Last year, Chinese President Xi Jinping proposed the strategic vision of building the "Silk Road Economic Belt " and "21st Century Maritime Silk Road", two initiatives of which WANA countries are key partners. "The active involvement will not only complement and effectively link up each other's resource endowment, capital advantages and market potential and create new jobs, but also give momentum to countries in the region in their economic cooperation with other countries in the world," Ma Biao, vice-chairman of the 12th National Committee of the CPPCC (Chinese People's Political Consultative Conference) said.

Asadollah Asgaroladi, President of the Iran-China Chamber of Commerce and Industries spoke highly of the "Silk Road Economic Belt", saying it provides a platform not only for trades, but also enhancing political trust and heart-to-heart exchanges between ordinary peoples.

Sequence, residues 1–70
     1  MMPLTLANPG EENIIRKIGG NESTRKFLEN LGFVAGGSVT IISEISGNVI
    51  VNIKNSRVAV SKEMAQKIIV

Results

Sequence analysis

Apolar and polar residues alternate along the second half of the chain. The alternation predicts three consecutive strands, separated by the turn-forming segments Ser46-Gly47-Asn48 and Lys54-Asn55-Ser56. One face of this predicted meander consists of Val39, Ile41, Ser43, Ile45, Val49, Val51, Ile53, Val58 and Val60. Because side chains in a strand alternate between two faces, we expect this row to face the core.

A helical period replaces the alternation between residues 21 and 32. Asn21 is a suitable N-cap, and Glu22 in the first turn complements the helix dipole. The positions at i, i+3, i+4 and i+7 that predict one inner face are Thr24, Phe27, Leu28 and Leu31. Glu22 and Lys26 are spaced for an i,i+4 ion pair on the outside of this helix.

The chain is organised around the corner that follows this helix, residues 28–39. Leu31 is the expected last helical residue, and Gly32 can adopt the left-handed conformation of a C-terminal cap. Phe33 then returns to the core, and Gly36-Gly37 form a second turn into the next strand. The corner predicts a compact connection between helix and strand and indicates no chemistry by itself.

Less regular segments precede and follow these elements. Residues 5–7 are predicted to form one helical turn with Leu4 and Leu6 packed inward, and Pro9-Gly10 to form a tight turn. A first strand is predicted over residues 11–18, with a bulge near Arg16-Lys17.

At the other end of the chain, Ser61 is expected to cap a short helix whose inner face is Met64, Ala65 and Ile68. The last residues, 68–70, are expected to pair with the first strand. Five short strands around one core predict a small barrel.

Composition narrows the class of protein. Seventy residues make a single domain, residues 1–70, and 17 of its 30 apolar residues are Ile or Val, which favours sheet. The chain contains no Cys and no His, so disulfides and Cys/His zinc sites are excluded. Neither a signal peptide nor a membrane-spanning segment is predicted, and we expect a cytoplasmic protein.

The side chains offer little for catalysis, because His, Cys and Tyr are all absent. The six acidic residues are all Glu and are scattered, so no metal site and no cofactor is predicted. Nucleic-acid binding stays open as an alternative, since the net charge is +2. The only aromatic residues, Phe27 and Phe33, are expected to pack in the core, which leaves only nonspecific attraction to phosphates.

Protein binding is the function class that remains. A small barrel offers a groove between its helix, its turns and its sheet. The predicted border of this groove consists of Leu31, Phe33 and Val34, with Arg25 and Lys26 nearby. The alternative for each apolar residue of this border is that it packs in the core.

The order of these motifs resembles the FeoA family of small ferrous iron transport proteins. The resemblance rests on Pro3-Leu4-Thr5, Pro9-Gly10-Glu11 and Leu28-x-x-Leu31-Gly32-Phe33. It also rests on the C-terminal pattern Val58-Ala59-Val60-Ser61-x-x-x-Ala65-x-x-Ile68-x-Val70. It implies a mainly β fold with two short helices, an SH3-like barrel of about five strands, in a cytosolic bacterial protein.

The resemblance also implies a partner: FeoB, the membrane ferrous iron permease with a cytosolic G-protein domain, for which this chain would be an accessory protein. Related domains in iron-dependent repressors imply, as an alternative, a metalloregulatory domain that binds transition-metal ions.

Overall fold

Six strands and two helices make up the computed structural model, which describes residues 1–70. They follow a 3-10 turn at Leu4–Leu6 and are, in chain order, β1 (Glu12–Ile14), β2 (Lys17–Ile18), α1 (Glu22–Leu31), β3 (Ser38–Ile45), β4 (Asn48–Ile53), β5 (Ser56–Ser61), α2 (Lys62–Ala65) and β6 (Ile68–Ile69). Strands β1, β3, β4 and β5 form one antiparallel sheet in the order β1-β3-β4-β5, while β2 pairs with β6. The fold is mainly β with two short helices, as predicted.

Delegates from Palestine, Lebanon, Iraq, South Sudan and many others talked about their current domestic situation, expressed the wish to cooperate with China, to learn from China's development experience and appealed for China's investment and technical support in their countries in the fields of oil, hydroelectricity and aviation. They also hoped China can play a comprehensive role not only in economics, but also politics and culture. Hot issues such as the Israeli - Palestinian dispute needs more countries which value justice to mediate.

The huge differences between Chinese and Arabian culture and language impede interaction between the two areas, so "to disseminate Chinese culture and language to the Arabian world, especially to establish more programs for youth exchange, to allow more students from the WANA countries to study in China is what we need to maintain a long-term relationship," Benna Ahmed, a member of the political bureau of I'Union Constitutionnelle said.

Related story:

Yiwu - From poor city to starting point of the 'New Silk Road'